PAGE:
Recipe Rx: 3 Ways to Cook Pork
Festive and flavorful, nutrient-rich tenderloin is as lean as chicken breast. Try it in our three delicious recipes.
If the word "pork" brings to mind fatty indulgences like bacon and ham, think again. Pork tenderloin is a surprisingly healthy option. "The beauty of pork is that over the years farmers have bred it to be leaner and leaner," says Debra Krummel, PhD, RD, endowed professor of nutrition at the University of Cincinnati. "You can now find pork that is just as lean as chicken breast."
As the leanest part of the pig, pork tenderloin has very little saturated fat and therefore won't affect your blood cholesterol levels significantly, Krummel says. Pork is also one of the richest food sources of thiamin, a B vitamin that helps the body produce energy from food, and a good source of zinc, a mineral needed for immune system function. And it might help keep hunger at bay. A recent Australian study found that when people ate pork, their bodies produced more of an appetite-suppressing hormone known as PYY than when they ate chicken.
Pork tenderloin is versatile, equally at home at the center of an elegant dinner or at a tailgate party. But because it's so lean, prepare it with care. "I think some people get turned off because they overcook it, or they don't marinate, or they don't use a moist cooking method, and then it tastes like shoe leather," Krummel says. She recommends using an instant-read thermometer and cooking the meat just until the internal temperature reaches 160˚F, a surefire way to keep the tender in your tenderloin.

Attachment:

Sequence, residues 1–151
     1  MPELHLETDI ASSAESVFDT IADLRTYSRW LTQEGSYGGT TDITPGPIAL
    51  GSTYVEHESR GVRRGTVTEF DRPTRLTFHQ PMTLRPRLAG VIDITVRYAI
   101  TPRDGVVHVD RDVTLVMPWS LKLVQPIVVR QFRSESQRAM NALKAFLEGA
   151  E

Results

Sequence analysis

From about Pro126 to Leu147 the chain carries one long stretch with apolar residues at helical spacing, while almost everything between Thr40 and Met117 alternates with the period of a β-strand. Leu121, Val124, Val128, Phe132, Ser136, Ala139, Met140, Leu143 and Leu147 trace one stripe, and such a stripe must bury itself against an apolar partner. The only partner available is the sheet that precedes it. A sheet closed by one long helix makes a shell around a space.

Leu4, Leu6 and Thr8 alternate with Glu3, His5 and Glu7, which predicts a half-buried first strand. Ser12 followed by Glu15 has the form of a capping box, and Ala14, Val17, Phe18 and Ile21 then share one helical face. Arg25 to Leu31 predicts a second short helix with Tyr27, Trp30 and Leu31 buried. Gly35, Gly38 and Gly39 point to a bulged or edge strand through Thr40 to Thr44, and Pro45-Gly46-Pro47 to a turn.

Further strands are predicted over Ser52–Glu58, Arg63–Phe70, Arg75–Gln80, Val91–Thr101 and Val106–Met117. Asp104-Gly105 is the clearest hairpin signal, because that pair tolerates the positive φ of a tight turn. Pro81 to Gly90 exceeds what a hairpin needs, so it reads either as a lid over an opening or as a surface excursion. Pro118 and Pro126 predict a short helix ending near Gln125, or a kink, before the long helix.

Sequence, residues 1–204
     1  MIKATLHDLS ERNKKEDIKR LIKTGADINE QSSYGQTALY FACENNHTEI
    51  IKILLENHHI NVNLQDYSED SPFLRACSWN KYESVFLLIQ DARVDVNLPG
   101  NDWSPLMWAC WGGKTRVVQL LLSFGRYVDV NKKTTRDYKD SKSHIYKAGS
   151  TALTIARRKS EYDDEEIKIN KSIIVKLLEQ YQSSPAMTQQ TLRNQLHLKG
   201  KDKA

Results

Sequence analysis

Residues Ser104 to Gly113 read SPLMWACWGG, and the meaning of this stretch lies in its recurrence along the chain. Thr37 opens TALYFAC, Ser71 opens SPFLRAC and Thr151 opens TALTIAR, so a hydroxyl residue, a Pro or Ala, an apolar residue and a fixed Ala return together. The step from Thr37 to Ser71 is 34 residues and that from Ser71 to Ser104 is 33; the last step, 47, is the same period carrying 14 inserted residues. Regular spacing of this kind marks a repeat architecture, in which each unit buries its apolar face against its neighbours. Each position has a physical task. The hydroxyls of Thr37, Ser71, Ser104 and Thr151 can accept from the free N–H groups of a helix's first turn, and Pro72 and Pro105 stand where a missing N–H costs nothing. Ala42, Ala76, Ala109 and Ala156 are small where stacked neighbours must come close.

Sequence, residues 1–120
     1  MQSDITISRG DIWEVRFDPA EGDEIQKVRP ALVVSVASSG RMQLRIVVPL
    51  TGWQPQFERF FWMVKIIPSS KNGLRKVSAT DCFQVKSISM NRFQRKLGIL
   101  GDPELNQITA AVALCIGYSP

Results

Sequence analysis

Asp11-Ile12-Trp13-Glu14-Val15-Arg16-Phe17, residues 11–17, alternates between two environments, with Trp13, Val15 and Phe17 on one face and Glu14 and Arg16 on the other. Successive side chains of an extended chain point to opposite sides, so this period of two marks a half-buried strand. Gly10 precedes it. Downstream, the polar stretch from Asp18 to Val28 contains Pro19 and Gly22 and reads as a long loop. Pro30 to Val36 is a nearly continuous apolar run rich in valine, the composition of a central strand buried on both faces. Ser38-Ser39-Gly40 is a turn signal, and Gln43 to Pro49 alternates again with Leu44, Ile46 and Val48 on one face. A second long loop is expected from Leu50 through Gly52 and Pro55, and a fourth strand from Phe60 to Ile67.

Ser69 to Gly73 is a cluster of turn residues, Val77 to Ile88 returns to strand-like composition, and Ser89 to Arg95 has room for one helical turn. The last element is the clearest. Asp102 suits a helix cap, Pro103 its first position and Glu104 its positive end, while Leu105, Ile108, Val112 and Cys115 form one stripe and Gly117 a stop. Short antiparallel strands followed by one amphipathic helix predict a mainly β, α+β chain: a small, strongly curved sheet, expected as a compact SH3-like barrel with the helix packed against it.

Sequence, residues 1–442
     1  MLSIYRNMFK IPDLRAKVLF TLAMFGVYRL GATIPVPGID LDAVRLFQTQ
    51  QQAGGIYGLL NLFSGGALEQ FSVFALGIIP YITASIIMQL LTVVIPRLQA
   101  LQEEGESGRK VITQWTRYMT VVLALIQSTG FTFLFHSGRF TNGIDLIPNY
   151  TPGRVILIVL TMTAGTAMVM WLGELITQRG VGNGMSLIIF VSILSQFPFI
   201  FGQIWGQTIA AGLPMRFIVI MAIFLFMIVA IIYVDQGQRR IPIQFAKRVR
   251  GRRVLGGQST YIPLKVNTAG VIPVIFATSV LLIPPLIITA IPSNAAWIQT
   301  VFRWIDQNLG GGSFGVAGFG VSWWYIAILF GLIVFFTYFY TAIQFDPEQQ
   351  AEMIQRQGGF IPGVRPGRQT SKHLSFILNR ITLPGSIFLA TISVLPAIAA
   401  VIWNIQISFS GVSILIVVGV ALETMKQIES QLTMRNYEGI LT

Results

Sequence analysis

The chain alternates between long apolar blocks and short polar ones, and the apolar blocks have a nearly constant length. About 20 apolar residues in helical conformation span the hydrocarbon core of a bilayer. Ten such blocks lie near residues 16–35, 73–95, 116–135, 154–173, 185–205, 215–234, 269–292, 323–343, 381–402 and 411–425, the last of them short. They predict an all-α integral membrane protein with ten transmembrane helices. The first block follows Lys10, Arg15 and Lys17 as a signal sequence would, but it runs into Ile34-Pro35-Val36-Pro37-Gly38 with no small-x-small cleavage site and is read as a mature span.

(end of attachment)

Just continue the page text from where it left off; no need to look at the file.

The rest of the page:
This simple but elegant recipe takes pork tenderloin on a trip to Tuscany with the classic Italian flavors of olive oil, lemon, and capers.
Makes 4 servings
1 whole pork tenderloin, about 1 lb
3 tbsp flour
2 tsp lemon pepper
2 tsp olive oil
1/4 cup dry white wine
1/4 cup lemon juice
4 to 6 slices lemon, very thin
4 tbsp capers, drained
1. Slice tenderloin into 8 equal pieces. Place pieces between sheets of plastic wrap; pound each piece to 1/8-inch thickness with a meat mallet or rolling pin.
2. Dust cutlets lightly with flour and sprinkle with lemon pepper.
3. Add olive oil to nonstick pan over medium-high heat. Quickly sauté cutlets, about 4 minutes per side, or until golden brown.
4. Add wine and lemon juice to skillet; shake pan gently and cook 2 minutes, until sauce is slightly thickened.
5. Garnish with lemon slices and capers and serve.
Per serving: 194 calories, 24 g protein, 6 g carbohydrate, 6 g fat (2 g saturated fat), 73 mg cholesterol, 311 mg sodium. Calories from fat: 29%.
Pork Tenderloin Mango Pitas
Pork in pita pockets is a natural for a lunchbox treat or simple weeknight dinner. Packed with healthy veggies, the exotic taste of mango, and a kick of salsa, they are filling on their own but are great with a salad or bowl of soup.